Roy
The old hubs and brakes were like new and the trailer seems to have had very little use. I cleaned, inspected and repacked the bearings and hubs and matched the bearings to their old race. There was no pitting and the surfaces looked like great. No more than a normal repack. The only issue was finding double lip seals for the #9 EZ lube axle.
Eddie
Nuthin' wrong with reusing good bearings. If properly lubed they will last just about forever.
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Old 07-18-2013, 12:21 PM   #5
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Why?
Other than saving a few $$?
Why not? They'll go for several hundred thousand miles, if cared for. We had a lot of vehicles over 200k, up to 400k, think they all had original bearings.
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Old 07-18-2013, 12:43 PM   #6
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OK, I understand now. I was taught to replace the small stuff that wears out when replacing the big stuff.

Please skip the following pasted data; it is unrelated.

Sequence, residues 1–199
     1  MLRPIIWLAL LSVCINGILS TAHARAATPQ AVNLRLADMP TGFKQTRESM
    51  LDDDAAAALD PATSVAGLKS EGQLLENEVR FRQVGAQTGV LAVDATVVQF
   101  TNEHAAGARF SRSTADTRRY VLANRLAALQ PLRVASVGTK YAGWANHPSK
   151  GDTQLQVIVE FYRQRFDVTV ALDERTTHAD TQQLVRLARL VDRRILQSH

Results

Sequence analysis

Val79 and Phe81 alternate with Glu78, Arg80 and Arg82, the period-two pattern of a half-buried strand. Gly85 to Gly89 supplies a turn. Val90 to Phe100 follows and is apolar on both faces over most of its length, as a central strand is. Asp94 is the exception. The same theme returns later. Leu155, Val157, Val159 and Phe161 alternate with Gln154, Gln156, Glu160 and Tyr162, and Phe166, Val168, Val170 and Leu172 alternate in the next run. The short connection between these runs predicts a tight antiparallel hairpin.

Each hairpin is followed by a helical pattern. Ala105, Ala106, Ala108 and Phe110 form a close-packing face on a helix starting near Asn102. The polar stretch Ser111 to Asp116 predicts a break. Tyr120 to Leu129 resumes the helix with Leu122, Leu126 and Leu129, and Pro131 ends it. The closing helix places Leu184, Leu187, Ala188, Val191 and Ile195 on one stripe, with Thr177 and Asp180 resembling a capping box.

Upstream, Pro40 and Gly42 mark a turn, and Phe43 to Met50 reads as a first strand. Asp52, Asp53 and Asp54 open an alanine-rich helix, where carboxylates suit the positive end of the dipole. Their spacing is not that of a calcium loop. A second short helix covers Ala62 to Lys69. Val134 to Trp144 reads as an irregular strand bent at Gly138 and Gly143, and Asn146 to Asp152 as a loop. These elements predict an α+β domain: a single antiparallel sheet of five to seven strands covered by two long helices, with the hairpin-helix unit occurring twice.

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Old 07-18-2013, 12:54 PM   #7
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The only time I've had to replace trailer bearings was because the seal failed and let water in. I do not reuse dust seals, ever. I know some people do, but the a rubber wear part, and new ones are cheap prevention, IMHO.

I also don't believe in ez lube axles, or lacking them by pushing old grease out with new. Remove all grease, clean in solvent tank, spray with brake clean to remove any solvent that could harm new grease, then repack.
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Old 07-18-2013, 05:06 PM   #8